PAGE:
Architecture has a new breath. Literally. To find out, you have to go to Dubai, where from 1 October the Italian Pavilion will show the world how it is possible, thanks to technology and design made in Italy, to convert the carbon dioxide produced by thousands of visitors into oxygen. And do it within a "lung", the one signed by Carlo Ratti and Italo Rota, where even the aesthetics are the result of a circular concept, and the materials and colors - the largest tricolor in the world, on the roof of the structure - arrive from a long research on alternative and ecological sources.
But let's start from the beginning. It was 2000 when, from the intuition of Gilberto Gabrielli, a long-time manager and entrepreneur, Tolo was born, a company active in renewable energy. After a few years spent in photovoltaics, in 2009 the choice to focus everything on the cultivation of microalgae, in particular of Spirulina, of which Tolo Green soon became the first Italian producer with its plant in Milis, in Sardinia (a second is under construction in Arborea and will have a production capacity of fifty tons per year).
Why microalgae, and why Spirulina? The first answer comes from what Tolo Green calls a new diet: “Microalgae, and Spirulina in particular”, explains Gabrielli, “contain proteins that represent a valid alternative to the consumption of animal meat. They are therefore perfect for reducing the ecological footprint of the food industry and for contexts of poverty or living in extreme conditions. It is no coincidence that it is being used for astronaut nutrition and the FAO has defined it as the food of the future”.
The second answer goes straight to the heart of architecture and design and crosses the idea of circular beauty that Ratti and Rota immediately had in mind with Commissioner General Paolo Glisenti and then developed for the Italian Pavilion. In a word, new materials: natural, ecological and potentially infinite.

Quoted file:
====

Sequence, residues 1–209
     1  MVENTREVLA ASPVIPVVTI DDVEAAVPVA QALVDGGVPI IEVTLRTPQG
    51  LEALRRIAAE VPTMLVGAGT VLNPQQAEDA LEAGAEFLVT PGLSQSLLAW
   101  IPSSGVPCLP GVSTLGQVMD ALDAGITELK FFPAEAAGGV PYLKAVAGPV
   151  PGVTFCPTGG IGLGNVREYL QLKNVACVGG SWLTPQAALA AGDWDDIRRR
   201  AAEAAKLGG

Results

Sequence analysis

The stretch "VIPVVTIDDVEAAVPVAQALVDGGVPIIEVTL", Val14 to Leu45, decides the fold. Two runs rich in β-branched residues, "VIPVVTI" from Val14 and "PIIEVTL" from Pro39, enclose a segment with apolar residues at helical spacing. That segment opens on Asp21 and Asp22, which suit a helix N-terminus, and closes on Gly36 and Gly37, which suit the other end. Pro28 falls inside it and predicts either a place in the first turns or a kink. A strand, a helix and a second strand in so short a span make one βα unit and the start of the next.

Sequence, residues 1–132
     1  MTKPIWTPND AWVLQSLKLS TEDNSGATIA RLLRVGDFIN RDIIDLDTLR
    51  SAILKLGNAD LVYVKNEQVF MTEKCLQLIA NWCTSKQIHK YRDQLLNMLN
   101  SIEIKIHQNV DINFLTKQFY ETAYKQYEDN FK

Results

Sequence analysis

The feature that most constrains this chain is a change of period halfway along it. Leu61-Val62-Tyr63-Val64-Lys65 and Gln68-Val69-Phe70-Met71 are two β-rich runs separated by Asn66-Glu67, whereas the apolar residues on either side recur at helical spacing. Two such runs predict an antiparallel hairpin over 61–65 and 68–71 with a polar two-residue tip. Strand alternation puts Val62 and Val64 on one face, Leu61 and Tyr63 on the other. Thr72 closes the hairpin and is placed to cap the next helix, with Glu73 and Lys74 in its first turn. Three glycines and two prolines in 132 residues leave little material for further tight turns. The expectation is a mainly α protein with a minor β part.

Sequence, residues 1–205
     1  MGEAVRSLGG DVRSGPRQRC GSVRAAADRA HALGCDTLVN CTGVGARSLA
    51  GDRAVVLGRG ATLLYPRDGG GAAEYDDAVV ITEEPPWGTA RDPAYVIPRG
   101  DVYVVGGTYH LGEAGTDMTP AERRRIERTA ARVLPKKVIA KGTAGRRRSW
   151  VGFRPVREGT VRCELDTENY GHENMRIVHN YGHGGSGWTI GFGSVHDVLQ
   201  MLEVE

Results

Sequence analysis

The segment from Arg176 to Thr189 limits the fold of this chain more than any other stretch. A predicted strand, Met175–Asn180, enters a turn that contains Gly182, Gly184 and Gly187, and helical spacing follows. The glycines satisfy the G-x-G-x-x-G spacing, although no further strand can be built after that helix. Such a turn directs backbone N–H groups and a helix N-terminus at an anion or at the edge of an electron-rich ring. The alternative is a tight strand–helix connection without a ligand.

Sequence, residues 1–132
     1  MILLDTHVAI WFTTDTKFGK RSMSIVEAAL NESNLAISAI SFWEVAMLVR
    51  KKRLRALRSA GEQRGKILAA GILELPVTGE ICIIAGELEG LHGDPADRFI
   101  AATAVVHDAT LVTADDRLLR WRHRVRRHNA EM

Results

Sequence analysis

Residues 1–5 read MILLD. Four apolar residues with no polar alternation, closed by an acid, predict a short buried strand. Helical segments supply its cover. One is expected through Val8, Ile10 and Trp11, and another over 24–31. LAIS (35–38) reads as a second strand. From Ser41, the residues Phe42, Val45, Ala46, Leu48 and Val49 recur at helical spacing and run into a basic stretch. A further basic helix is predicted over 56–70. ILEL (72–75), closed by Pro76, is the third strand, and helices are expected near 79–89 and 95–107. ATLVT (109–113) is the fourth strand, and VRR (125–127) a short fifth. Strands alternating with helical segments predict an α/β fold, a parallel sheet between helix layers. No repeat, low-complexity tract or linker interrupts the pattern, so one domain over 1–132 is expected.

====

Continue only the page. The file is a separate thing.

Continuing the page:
Thus was born the idea of setting up five large tanks for the cultivation of microalgae on the first floor of the Pavilion, around the Belvedere, so that they absorb the carbon dioxide of the structure under the light of specially designed lamps and convert it into oxygen. A technology that contributes to making the Italian one the first carbon-free Pavilion in the history of universal exhibitions. It is the first to live in a continuous cycle, round the clock, thanks to the permanent presence of a team of researchers to monitor the tanks.
Pursuing the concept of full sustainability, the Boero Group (Premium Partner of the Pavilion) also came into play in the project, another excellence of Made in Italy with its nearly two hundred years of history in the production of paints for architecture and boating. In the eyes of the Ligurian company, the know-how of Tolo Green (who is a Provider Partner of the Pavilion) immediately became an opportunity to bet on the development of ecological paints for the "lung" of Dubai.
The collaboration between the two companies gave life to a laboratory open to the future: on the one hand, the interiors of the Pavilion painted with shades of green obtained from the natural pigments of Spirulina (specifically, from the cell walls of the microalgae from which the alginate is extracted of sodium which is then processed), on the other hand the continuous research that will shortly lead the Boero Group to insert new eco colors within the certified Painting Natural line: the goal, to put it with the general manager Giampaolo Iacone, is that what we will see at the Pavilion is not a demonstration exercise, but the standard of the color industry in the near future.